This statement and the poem below were written in July 2020. Insurrection features a man in full PPE reading while reclining comfortably on his living room couch. A cat purrs in his lap. In the safe seclusion of his own home, he is over-protected. Others, however, are not. Not George Floyd, Ahmaud Arbery, Brionna Taylor and too many other people who were shopping, running, sleeping—simply living, while black. Their deaths are painfully singular, but their cumulative toll constitutes a persistent pandemic of racism. Another pandemic rages as people rage in the streets. The death count from Covid-19 has now climbed over 100,000 in four months. Fallow Trench In the exceptional Nation State of One, the novel plague, first declared nonexistent, then decried as sophic, was ultimately decreed ‘Democratic’. It was. Though itself invisible to the naked eye, the virus, though little, spread by aspirational spittle, magnified divisions and bonds. Manufacturers mandated. Distributors consolidated. Liberators looted. Suppliers hoarded. Senators sanctioned. the unaffordable could be bought again. Sacrificial heroes, ill-suited, staved, for another quarter, the essential economy. Perhaps. Routines were screened. Meetings multiplied and merged. Unemployment ranks swelled. Curves flattened; feeds fed. Appropriations diverted. Tweet-enlisted fascists drilled. Unmasked. Indisposed Justice meted black breath no repose. The State of Stasis is fought within, and without.

Matt Milligan

Matt Milligan (b. 1973) is an artist based in New York City working in digital and film photography. His work explores identity and its connections with home and community. Originally from Dallas, Texas, he holds a degree in musicology from the University of North Texas. Having always been attracted to how music conveys meaning, he carries that theoretical approach into his photography. Milligan's work was recently included in Scopio's "Rethinking, Questioning Urban Realities through Photography in the Age of COVID-19," in Porto, Portugal.

Artist Statement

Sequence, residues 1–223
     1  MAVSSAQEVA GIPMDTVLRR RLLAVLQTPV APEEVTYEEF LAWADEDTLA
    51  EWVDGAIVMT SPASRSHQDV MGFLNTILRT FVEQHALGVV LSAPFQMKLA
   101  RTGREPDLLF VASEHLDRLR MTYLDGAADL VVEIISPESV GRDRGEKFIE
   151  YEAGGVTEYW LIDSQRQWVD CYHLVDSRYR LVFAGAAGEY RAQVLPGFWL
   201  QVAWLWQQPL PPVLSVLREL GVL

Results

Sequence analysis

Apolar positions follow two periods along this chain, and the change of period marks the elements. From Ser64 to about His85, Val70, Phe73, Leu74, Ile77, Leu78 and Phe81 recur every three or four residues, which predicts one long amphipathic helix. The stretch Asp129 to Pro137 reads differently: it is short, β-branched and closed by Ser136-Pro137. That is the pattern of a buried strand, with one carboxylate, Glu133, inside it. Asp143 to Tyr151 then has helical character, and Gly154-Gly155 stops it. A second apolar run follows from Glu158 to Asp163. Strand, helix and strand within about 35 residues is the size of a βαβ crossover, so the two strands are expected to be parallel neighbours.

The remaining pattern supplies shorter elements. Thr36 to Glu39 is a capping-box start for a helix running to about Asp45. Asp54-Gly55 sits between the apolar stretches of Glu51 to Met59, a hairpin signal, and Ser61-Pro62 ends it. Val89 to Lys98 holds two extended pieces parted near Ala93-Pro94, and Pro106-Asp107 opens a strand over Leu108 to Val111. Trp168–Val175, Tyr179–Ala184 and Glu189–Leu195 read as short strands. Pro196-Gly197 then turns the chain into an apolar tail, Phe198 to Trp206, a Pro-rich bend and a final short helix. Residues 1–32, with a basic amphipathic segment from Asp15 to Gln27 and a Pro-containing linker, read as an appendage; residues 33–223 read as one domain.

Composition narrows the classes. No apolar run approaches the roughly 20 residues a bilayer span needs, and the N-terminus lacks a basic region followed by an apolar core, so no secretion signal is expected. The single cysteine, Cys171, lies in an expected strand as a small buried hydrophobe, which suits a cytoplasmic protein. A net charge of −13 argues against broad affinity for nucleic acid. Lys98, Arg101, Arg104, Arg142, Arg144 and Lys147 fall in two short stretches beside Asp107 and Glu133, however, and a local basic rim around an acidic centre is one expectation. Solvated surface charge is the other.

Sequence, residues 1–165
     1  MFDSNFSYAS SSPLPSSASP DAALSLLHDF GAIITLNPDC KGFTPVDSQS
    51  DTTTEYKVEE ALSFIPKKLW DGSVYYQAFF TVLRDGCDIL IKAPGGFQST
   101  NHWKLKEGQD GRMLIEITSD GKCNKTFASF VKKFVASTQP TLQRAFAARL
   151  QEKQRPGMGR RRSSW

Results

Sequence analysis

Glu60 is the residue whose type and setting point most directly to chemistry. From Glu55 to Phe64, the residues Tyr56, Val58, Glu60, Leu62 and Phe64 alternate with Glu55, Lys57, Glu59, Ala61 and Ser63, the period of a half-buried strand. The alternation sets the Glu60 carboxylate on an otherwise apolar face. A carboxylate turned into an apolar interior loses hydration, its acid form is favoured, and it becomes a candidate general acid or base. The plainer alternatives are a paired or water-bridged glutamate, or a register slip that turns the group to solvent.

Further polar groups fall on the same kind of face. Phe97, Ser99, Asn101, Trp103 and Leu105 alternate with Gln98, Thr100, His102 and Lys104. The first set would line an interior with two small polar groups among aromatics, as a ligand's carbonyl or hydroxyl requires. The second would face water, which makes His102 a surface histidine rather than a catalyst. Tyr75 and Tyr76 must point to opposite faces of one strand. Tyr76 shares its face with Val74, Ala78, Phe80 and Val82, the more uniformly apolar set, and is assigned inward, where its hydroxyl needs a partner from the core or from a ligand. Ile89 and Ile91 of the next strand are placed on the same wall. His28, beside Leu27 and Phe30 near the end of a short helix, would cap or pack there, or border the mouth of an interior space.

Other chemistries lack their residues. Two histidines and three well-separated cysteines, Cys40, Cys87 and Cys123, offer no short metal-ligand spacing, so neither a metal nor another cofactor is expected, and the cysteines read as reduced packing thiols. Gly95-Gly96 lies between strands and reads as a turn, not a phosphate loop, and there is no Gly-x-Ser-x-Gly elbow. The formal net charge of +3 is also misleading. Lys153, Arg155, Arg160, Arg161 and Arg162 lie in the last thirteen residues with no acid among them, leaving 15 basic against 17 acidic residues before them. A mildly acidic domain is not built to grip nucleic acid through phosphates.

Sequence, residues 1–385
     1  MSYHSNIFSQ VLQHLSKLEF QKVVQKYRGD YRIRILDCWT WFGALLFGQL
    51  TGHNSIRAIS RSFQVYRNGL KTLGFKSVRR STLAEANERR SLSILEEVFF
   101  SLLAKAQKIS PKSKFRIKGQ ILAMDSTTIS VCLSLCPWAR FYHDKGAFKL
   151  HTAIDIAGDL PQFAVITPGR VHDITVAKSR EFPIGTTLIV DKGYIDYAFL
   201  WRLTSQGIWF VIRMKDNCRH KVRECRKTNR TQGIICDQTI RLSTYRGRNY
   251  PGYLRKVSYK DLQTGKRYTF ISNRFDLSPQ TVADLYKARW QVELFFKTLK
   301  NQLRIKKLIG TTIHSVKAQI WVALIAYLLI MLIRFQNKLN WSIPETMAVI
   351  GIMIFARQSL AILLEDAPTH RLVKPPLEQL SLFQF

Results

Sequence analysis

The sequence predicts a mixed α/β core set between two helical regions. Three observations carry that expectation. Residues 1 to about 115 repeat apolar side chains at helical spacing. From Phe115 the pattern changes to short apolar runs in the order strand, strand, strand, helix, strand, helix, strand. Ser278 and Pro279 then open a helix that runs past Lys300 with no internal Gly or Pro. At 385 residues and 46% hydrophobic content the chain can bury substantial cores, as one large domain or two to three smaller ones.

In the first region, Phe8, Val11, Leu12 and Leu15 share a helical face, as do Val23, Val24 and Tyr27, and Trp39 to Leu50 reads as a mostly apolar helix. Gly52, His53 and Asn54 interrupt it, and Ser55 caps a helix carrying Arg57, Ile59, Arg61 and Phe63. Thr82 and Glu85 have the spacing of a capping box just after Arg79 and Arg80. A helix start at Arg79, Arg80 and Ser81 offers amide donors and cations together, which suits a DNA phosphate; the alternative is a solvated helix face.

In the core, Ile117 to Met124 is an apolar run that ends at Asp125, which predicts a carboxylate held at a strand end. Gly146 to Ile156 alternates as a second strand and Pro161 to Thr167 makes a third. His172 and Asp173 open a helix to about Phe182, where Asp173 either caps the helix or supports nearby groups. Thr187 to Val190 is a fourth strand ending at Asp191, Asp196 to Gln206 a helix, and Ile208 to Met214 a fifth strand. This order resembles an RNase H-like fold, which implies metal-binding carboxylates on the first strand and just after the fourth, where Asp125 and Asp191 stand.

The Things We Must Face When news of the shutdowns started to make the rounds, I was in the office—three floors of what had become an eerie and quiet building occupied, at that time, by me and, occasionally, the cleaning guy. It had been that way for a week or so. Almost everyone who had the means was leaving or preparing to leave the city, and my office was no exception. The sudden exit of those who wanted to escape and could also afford to leave was the first visible division. And it was this class separation that would, at least for me, expose the rest of what was to come as a series of interlopers—unwanted visitors that keep showing up at the doorstep of America. This all reminded me of something James Baldwin said, “You think your pain and your heartbreak are unprecedented in the history of the world, but then you read.” Despite what we frequently read in the media, there is nothing unprecedented about 2020. We are experiencing problems that have been with us for generations, problems that stem from divisions. And those divisions are rooted in money, politics, religion, race, and other things one should not talk about in polite company. But these social taboos are the very things we must talk about—and face—as Mr. Baldwin also famously said, or they will keep splitting us in two over and over again. A couple of weeks after the stay-at-home order went into effect, the half of us who remained in the city had to navigate a familiar but unknown landscape. My neighborhood was as empty and quiet as my office had been. When I went on walks or the occasional errand, I photographed the changes I saw. I also turned my camera inside (because we were inside all the time!); it was a natural response to the confinement. I began to see repeated images and symbols, sometimes subtle and sometimes overt. I realized that if I was sensitive to them, they could bolster the symbols of the past that Baldwin talked about and help me navigate what I was encountering and feeling. As Thomas Merton, a Trappist monk, said, “the true symbol does not merely point to something else. It contains in itself a structure which awakens our consciousness to a new awareness of the inner meaning of life and of reality itself.” Making these photographs was a cathartic experience for me. It brought to the surface my human “constant preoccupation with pleasure and pain... our pursuit of this happiness,” as fourteenth-century Japanese writer Yoshida Kenko said. It also—thankfully—brings Merton’s new awareness that, without his and Baldwin’s help, I would not have found. This process and these writers taught me that before I say anything about the problems I see out in the world, I must first look inside and face myself.